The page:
Since then, the Royals have fallen short of .500 every year. 

It took a Cy Young Award winning performance from Zack Greinke in 2008 to get the Royals the closest to .500 they have been in seven years and even then, they finished 75-87 to put them in fourth place in the division.

Almost two weeks into spring training, the Kansas City Royals are 7-3, second in the Cactus League and first among all AL teams. This team of young talent has been playing hard, fierce and with a winning mindset. Ned Yost wants them to playing aggressive and wants them “running the bases like mad men,” as he put it. 

No doubt about it, they are. 

There’s a lot to be excited about this year for the Royals. Even with the departure of Greinke, who admitted toward the end of his time in Kansas City that it was hard for him to get motivated to pitch for a losing team, this season’s starting pitching staff will be something to keep an eye on.

Especially Luke Hochevar, who will most likely get the nod as the Royals No. 1. In his last outing, which came against the White Sox, Hochevar threw three innings, giving up one run on three hits to secure the win. 

It wasn’t the expected battle against Mark Buehrle that some might have thought it would be. Buehrle game up five runs on nine hits in three innings against the dominating Royals’ bats. 

Is this any indication of what Royals fans can expect in the regular season? It’s still early in spring training, so let’s not get ahead of ourselves, but this early success is definitely a good sign. 

If nothing else, the Royals are becoming one of those teams that is fun to watch, regardless of whether you’re a Royals fan or not.


How will the Royals shape up against the AL Central?

Since that winning season in 2003, in which they finished third in the AL Central, the Royals have not placed better than fourth, which they only did twice (2008 and 2009). 

So how will the Royals fair in 2011?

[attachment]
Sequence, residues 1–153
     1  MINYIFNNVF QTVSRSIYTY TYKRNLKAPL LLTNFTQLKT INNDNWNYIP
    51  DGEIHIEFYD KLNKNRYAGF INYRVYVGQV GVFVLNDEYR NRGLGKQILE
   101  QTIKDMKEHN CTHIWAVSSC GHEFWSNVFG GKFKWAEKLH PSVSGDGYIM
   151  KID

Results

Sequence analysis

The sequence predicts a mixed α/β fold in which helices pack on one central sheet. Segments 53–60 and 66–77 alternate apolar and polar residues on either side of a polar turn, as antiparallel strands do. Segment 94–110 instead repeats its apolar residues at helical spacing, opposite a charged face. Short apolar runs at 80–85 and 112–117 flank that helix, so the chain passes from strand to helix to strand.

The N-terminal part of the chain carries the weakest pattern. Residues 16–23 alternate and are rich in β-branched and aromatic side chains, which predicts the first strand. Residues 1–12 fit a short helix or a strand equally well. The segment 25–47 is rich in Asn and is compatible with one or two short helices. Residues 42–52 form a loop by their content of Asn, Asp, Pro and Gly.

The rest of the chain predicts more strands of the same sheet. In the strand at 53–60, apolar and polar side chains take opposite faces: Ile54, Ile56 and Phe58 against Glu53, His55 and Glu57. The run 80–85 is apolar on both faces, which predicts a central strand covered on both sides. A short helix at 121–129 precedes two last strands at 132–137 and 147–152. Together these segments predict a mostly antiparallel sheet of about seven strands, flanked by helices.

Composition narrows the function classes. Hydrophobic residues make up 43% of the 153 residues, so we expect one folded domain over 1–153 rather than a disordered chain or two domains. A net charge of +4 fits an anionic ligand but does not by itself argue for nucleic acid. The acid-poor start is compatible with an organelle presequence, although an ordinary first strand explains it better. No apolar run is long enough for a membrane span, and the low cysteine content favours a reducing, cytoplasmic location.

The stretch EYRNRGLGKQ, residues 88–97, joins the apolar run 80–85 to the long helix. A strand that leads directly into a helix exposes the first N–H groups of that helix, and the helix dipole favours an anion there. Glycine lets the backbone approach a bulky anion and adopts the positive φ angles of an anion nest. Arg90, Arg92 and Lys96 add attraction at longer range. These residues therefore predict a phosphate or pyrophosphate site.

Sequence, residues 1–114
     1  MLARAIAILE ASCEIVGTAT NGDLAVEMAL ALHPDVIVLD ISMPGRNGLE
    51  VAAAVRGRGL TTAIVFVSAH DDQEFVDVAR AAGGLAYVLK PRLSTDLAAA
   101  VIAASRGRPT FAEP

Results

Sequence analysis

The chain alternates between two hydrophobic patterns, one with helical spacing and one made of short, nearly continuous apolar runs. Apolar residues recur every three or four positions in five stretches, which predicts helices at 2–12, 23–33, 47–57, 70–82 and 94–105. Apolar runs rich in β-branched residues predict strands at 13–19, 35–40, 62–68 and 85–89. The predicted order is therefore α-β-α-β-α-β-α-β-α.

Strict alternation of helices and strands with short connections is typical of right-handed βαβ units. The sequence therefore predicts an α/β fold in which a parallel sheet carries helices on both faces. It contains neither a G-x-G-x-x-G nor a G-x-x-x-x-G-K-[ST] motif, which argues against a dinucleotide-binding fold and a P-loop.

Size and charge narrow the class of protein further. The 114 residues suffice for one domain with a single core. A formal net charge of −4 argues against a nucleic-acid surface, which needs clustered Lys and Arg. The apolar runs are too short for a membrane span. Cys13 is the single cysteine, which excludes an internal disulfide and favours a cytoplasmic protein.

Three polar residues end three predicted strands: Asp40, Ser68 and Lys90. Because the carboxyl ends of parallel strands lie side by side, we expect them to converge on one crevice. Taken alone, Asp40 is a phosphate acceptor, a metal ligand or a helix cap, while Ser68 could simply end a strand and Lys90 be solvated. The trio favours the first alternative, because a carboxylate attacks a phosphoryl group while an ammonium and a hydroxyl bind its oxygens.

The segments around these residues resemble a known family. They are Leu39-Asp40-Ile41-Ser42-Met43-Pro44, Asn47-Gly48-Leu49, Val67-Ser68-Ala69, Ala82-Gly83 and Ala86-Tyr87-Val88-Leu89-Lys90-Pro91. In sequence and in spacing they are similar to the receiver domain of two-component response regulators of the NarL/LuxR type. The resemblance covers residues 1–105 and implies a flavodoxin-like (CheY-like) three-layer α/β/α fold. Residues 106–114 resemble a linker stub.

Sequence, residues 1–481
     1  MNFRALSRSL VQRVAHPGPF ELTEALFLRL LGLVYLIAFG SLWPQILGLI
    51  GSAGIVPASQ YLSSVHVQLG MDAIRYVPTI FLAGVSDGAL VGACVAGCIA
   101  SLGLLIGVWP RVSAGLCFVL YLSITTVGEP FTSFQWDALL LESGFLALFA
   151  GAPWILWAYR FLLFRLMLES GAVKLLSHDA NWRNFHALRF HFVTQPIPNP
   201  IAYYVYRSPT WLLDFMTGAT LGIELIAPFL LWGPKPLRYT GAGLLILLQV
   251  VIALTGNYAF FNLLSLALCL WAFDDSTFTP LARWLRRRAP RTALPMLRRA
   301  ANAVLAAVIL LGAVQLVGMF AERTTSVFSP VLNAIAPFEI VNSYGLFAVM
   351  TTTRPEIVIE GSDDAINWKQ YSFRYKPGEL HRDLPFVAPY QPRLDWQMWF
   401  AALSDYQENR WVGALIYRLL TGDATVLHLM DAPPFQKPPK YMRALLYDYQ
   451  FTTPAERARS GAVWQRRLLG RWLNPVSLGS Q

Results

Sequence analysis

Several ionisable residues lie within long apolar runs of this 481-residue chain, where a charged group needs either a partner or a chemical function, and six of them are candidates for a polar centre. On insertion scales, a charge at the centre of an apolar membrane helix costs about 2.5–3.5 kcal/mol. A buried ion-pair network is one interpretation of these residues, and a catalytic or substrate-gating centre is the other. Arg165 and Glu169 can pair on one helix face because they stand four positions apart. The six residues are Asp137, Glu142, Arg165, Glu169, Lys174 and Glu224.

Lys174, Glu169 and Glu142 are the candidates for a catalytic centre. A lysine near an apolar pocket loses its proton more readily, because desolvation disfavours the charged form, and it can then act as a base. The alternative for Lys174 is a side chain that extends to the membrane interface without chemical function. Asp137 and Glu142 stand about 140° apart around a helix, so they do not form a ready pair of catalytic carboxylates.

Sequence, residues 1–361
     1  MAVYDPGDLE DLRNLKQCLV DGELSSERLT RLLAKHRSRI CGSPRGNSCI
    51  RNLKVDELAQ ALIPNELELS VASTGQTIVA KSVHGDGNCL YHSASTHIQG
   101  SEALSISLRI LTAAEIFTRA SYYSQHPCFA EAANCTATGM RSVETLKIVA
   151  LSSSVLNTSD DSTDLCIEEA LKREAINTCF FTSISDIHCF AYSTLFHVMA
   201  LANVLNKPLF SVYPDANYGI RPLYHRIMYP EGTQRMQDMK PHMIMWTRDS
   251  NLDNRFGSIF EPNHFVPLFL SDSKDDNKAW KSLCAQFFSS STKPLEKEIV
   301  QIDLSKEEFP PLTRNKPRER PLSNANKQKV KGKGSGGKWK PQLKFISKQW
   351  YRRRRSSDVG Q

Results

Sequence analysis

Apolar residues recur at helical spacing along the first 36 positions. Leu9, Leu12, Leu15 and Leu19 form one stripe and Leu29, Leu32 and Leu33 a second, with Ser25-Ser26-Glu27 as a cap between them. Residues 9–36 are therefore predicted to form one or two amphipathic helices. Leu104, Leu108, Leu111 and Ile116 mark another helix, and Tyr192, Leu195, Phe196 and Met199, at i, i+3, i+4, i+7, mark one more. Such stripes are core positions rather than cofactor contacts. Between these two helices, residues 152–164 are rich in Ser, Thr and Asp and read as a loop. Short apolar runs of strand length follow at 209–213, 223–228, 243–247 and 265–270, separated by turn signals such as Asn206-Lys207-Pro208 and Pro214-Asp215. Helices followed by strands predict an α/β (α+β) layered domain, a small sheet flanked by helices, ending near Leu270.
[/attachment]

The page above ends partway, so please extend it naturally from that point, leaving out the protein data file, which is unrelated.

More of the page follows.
The AL Central may not be the best division in baseball, but it is certainly one of the most competitive. There is really no front-runner in the Central this year, though the Minnesota Twins have to be the favorite to win the division, with the White Sox a close second, especially after the addition of Adam Dunn in the offseason.

The Royals have a realistic shot at third place this season. Detroit and Cleveland have weak teams, and Kansas City should be able to pick up a hefty amount of wins against them both, hopefully winning each season series. 

But can the Royals do better than third place? 

They can if they stay healthy and carry their spring training success into the regular season. 

Both Chicago and Minnesota are very strong teams and will easily reach 80 wins this season. Though the Royals lost their best pitcher, it’s as though they have also lost a huge, unmotivated weight. 

That may just be what this team needed to move forward.

The Royals have the best farm system in Major League Baseball. With youngsters like Kila Ka’aihue and Mike Moustakas (who both have what it takes to play at the major league level), along with a veteran presence in Jeff Francoeur, the Royals are a promising team. 

Some may say the Win/Loss column and stats don’t matter in spring training, but those stats can be used as a measurement of progress and confidence. The Royals just need to fight through growing pains and mistakes. 

That’s what they hope to accomplish in spring training. 

By the time the regular season comes around, this Royals team should be excited, confident and have a winning attitude. Manager Ned Yost has this team on the right track to do just that. 

Third place in the AL Central should be easy enough, but second place may not be that much of a stretch.